http://www.who.int/peh-emf/publications/en/emf_final_300dpi_Chpt1.pdf

    That actually doesn’t sound scary to me. Furthermore, I have even less fear reading the items below from their site.

    +++ from the WHO 2006 factsheet
    “Conclusions
    Considering the very low exposure levels and research results collected to date, there is no convincing scientific evidence that the weak RF signals from base stations and wireless networks cause adverse health effects.”
    http://www.who.int/mediacentre/factsheets/fs304/en/index.html

    +++ from the WHO 2011 factsheet
    “A number of studies have investigated the effects of radiofrequency fields on brain electrical activity, cognitive function, sleep, heart rate and blood pressure in volunteers. To date, research does not suggest any consistent evidence of adverse health effects from exposure to radiofrequency fields at levels below those that cause tissue heating. Further, research has not been able to provide support for a causal relationship between exposure to electromagnetic fields and self-reported symptoms, or “electromagnetic hypersensitivity”.
    http://www.who.int/mediacentre/factsheets/fs193/en/

    +++ from the WHO 2011 factsheet
    “The researchers concluded that biases and errors limit the strength of these conclusions and prevent a causal interpretation. Based largely on these data, IARC has classified radiofrequency electromagnetic fields as possibly carcinogenic to humans (Group 2B), a category used when a causal association is considered credible, but when chance, bias or confounding cannot be ruled out with reasonable confidence.”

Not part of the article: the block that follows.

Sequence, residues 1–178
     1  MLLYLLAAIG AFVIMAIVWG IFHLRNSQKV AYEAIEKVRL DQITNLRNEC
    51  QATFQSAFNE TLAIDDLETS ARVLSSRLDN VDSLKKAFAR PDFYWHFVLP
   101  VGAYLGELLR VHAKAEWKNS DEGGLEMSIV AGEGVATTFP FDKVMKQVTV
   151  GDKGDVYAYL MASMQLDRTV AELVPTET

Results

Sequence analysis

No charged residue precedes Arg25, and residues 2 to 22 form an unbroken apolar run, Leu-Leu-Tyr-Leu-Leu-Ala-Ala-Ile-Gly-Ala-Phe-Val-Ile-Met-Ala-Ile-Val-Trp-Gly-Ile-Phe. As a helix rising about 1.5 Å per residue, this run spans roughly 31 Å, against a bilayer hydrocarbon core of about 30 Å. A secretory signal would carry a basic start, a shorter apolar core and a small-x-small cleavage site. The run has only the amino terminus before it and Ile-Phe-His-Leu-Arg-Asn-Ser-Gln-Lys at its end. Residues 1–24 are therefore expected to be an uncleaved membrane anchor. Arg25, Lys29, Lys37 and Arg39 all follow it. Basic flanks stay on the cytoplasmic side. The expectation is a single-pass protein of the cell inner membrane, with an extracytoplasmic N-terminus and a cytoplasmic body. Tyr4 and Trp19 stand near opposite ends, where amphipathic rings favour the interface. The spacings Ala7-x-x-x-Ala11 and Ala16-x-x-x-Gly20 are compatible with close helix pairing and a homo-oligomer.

http://www.who.int/mediacentre/factsheets/fs193/en/

    and from the same paper:

    “Are there any health effects?
    A large number of studies have been performed over the last two decades to assess whether mobile phones pose a potential health risk. To date, no adverse health effects have been established as being caused by mobile phone use.”
    http://www.who.int/mediacentre/factsheets/fs193/en/

  5. Johnson Lee says :

    Thank you for this blog post – it has been very difficult convincing people there is no harm from radio waves at the level used by electric devices. People out there are making claims that Health Canada Safety Code 6, which protects from thermal effect, is insufficient. There is no sufficient evidence to raise doubt that there is non-thermal harmful effect. However, if we go down the thought path that there may be a small risk, which the Green Party seems to believe. Their call for the German ICNIRP levels does not make any different either. At the 900MHz transmission frequency, Health Canada Safety Code 6 is rated at 6 W/m2 while the German level (ICNIRP) is 4.5W/m2. BC Hydro’s smart meter is 0.02 W/m2 or 0.3% of Health Canada levels or 0.4% of ICNIRP levels. Does that make any difference? People are just so entrenched in their views that don’t believe in any real science nor benchmarks. If I took someone down this argument on the they just get upset and start to make speculative claims or cite Dave Carpenter, BioInitiative Report, Dr. Lai, Hagda Havas… or worse yet, Olle Johanssen, the guy who believed that FM broadcast radio contributed to lung cancer and mad cow disease is caused by cell phones (how?? strap a cell phone to cow’s head?). I’m glad to see there are people like you out there debunking misinformation!